One disappointing rumor is that the broadcast lobby has seemingly convinced Silicon Image to back away from offering 10-bit color for UHD over HDMI 2.0. This means that, in order to have a greater selection of channels, you will get lesser quality and arguably give up the single best element of Ultra HD, which is 10-bit color.
There are other compelling options for Ultra HD content transmission, with�DisplayPort�being the most interesting. Widely used in the computer business today (think�Apple's Thunderbolt�connection as an example), DisplayPort already supports 10-bit color, but good luck finding a�Blu-ray player�or�DVR�with a DisplayPort output. If you are a consumer in the home theater game today, you are stuck with HDMI - which is why the pending launch of HDMI 2.0 is so important.
Long-term, I don't think the powers-that-be (studios, electronics companies, and licensing companies in�the HDMI Forum) are going to allow an HDMI 2.0 spec to get released that is as shaky as HDMI 1.0 was. They have taken their beating and know that they have to keep offering more performance, as well as more studio protection, to suit both of their masters.�
The arrival of HDMI 2.0 is likely the key to solidifying the badly needed standard for Ultra HD in both the broadcast and Blu-ray arenas. Critics, myself included, have lambasted the�Blu-ray Disc Association�for not having Ultra HD worked out on Blu-ray before the launch of UHD TV sets. They are just waiting for the HDMI standard to be ratified so that they can sew up some of the details. Expect news from the Blu-ray and broadcast world after HDMI 2.0 breaks to the general public.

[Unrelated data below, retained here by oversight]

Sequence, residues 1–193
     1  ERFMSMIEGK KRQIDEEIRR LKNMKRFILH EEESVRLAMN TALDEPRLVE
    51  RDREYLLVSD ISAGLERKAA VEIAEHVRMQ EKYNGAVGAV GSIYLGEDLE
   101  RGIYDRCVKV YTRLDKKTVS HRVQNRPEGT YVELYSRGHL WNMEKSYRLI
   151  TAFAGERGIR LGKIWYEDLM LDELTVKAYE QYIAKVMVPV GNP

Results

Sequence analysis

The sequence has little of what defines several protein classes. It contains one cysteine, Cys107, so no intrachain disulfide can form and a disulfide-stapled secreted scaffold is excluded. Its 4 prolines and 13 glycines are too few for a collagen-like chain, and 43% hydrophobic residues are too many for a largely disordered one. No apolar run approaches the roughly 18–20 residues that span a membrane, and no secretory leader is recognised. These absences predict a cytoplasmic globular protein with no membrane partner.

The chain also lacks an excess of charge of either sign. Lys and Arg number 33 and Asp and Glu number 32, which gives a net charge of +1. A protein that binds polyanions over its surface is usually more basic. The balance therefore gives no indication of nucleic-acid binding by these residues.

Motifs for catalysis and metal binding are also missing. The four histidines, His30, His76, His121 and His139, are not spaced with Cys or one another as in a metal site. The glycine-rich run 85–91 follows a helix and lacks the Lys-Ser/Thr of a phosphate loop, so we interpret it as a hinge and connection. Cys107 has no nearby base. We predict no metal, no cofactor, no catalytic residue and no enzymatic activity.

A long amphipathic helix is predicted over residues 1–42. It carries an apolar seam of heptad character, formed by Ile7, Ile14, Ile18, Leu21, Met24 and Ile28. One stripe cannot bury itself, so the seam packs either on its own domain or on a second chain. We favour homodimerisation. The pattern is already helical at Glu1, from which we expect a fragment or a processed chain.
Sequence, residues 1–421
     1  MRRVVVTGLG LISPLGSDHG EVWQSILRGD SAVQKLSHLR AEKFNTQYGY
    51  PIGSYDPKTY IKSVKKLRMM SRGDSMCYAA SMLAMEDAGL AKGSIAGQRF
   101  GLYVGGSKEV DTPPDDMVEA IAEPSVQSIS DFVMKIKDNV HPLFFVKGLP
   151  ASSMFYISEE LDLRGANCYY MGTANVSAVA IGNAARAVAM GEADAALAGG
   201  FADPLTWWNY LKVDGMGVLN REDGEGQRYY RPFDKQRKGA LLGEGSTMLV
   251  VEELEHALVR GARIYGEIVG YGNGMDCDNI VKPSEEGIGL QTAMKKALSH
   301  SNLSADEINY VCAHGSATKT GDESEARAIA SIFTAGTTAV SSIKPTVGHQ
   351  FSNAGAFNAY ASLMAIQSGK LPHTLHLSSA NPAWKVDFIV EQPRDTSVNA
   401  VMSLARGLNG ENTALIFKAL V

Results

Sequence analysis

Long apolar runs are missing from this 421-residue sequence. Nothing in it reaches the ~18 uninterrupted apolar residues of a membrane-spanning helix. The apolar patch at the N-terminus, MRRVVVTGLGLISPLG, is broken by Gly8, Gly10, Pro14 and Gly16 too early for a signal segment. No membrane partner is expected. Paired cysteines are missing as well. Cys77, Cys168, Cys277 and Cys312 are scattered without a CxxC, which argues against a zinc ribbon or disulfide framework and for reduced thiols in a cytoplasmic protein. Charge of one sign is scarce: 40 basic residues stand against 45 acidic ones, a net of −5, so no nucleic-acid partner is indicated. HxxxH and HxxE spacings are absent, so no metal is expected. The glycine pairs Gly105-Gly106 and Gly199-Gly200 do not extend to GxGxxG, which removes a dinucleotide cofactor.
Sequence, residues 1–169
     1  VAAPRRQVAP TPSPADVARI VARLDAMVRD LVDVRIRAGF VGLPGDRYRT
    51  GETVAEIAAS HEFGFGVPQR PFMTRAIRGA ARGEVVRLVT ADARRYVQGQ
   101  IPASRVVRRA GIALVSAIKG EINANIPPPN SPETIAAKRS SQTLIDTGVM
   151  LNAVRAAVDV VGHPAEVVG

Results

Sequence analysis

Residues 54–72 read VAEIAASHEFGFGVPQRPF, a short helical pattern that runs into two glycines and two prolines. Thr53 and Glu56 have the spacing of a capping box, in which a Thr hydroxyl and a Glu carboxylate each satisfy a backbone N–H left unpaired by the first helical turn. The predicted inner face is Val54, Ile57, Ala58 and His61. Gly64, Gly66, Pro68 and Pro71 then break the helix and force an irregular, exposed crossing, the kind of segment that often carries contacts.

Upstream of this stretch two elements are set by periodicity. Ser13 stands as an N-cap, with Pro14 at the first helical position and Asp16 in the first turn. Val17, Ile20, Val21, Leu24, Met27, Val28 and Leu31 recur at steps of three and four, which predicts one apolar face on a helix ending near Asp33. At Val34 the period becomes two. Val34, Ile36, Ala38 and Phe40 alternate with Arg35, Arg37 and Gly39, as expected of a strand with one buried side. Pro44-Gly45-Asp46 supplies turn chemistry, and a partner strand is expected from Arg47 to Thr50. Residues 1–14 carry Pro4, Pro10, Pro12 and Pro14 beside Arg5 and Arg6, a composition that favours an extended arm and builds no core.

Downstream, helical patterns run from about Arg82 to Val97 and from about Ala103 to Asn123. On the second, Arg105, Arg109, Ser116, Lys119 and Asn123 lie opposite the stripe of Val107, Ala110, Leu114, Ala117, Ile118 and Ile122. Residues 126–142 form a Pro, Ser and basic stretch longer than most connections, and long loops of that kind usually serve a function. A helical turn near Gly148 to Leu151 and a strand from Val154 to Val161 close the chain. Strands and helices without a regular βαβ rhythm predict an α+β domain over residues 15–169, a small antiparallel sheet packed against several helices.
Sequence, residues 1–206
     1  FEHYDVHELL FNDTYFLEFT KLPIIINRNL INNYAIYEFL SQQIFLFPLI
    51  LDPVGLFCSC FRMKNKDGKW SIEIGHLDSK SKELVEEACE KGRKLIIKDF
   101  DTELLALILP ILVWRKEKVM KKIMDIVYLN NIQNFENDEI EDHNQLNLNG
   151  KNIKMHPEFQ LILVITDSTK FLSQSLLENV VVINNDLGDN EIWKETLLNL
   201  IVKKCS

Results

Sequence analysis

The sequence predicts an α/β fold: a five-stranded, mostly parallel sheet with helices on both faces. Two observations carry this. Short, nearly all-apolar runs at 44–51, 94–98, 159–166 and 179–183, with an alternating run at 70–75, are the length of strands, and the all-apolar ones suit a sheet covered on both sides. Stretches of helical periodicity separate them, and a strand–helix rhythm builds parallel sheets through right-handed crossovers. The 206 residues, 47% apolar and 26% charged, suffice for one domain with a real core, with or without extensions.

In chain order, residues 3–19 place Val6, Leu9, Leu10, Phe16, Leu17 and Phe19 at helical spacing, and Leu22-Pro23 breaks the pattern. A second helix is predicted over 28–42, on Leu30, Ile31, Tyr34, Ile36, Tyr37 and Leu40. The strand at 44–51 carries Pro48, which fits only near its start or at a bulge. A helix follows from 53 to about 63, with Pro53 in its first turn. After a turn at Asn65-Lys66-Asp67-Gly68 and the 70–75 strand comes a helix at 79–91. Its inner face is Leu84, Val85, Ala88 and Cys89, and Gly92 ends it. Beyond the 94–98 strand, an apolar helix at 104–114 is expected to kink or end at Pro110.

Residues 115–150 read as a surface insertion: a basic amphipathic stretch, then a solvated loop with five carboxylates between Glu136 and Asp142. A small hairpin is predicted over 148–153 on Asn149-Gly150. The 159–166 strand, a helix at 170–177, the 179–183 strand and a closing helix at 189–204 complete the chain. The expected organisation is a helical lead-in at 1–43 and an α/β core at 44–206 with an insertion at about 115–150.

Should home theater enthusiasts freak out at this point? Not yet. HDMI 2.0 will be more for those who want to make the move to Ultra HD, and that move isn't prudent at this time for the vast majority of customers out there today who rock 1080p rigs. Should you be dumping your current electronics on Audiogon.com or selling your TV on eBay? Nope. Now is not the time to panic. Let's see what HDMI 2.0 brings to the table. It's likely going to be backwards-compatible anyhow. Still, we know there are always bumps on the road to a new technology and that the cutting edge of home theater is almost always very sharp. With that said, the future of video is really looking up. Four times 1080p is cool, and higher frame rates and 10-bit color only make a good thing that much better. Don't be afraid of HDMI 2.0. Perhaps it's time to be cautiously optimistic.
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